Some may consider it tiny, but small plot contains over 100 markers. In all likelihood, even more people are buried here, but with time, decay and change, their headstones have disappeared. Still, what remains is a remarkable burying ground that contains many interesting stories from the community’s earliest years.
One such story is that of young Ann Eltinge, whose small marble stone rests under one of the majestic trees that ring the burying ground today. Her stone tells the story of a young couple, Roelof and Dina Eltinge, who lost their infant daughter. Next to Ann’s stone is the stone marking the burial of another of Roelof and Dina’s children, this one a boy who died just eleven days after birth.
“What is fascinating to me are the many stories that can be found in this burial ground,” says Richard Heyl de Ortiz, Director of Marketing and Community Relations for Historic Huguenot Street. “Stories such as the Dutch and Huguenots intermarrying. The courageous widows who outlived their husbands by decades. The ‘newer’ immigrants that arrived here after the Revolution and how they integrated into the town.” Heyl de Ortiz will be leading the program on the 22nd.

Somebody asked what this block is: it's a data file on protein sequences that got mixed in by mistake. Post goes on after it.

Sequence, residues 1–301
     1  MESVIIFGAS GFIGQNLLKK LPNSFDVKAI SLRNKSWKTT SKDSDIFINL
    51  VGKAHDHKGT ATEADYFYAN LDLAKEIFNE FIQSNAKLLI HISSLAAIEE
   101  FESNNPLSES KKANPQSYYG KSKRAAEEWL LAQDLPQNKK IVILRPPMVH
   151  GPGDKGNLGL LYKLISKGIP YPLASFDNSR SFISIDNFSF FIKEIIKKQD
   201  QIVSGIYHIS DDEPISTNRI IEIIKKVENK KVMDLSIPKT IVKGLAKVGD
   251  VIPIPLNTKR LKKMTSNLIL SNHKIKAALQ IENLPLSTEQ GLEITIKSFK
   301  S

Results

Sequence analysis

Stories in Stone will leave from the DuBois Fort Visitor Center at 81 Huguenot Street. The program is approximately 90 minutes in length. Admission is $10 per person ($8 for Friends of Huguenot Street). Reservations, while not required, may be made in advance at